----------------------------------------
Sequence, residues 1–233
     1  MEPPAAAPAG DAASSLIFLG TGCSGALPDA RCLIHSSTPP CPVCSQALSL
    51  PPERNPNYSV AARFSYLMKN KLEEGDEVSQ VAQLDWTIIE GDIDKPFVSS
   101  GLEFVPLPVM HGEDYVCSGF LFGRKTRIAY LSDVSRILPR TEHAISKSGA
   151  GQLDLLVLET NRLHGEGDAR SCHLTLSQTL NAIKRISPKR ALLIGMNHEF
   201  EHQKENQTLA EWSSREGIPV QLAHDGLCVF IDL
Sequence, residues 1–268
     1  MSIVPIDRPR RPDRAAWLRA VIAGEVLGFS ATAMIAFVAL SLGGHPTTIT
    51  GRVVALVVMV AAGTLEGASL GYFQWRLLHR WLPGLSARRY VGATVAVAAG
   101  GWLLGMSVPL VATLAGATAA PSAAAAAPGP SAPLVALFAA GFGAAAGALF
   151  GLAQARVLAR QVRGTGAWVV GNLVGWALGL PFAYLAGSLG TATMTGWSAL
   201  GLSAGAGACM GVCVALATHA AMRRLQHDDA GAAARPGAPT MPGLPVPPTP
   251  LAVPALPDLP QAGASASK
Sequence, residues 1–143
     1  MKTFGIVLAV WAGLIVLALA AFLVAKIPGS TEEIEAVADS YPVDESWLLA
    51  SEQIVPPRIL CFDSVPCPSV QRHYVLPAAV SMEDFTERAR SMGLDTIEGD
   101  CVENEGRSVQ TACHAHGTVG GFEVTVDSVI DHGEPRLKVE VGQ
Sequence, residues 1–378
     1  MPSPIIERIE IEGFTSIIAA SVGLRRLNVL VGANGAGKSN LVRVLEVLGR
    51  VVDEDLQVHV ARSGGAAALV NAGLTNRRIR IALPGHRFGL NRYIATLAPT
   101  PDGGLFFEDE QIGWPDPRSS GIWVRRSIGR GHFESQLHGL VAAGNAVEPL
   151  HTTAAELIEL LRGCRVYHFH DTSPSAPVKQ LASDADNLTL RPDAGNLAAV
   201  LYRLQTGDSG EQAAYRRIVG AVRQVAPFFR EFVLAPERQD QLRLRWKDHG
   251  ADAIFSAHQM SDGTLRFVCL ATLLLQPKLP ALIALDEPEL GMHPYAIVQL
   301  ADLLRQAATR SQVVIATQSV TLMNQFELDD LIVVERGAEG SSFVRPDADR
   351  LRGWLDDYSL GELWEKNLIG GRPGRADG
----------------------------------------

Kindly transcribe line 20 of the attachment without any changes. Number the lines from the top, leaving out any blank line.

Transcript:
    51  VVDEDLQVHV ARSGGAAALV NAGLTNRRIR IALPGHRFGL NRYIATLAPT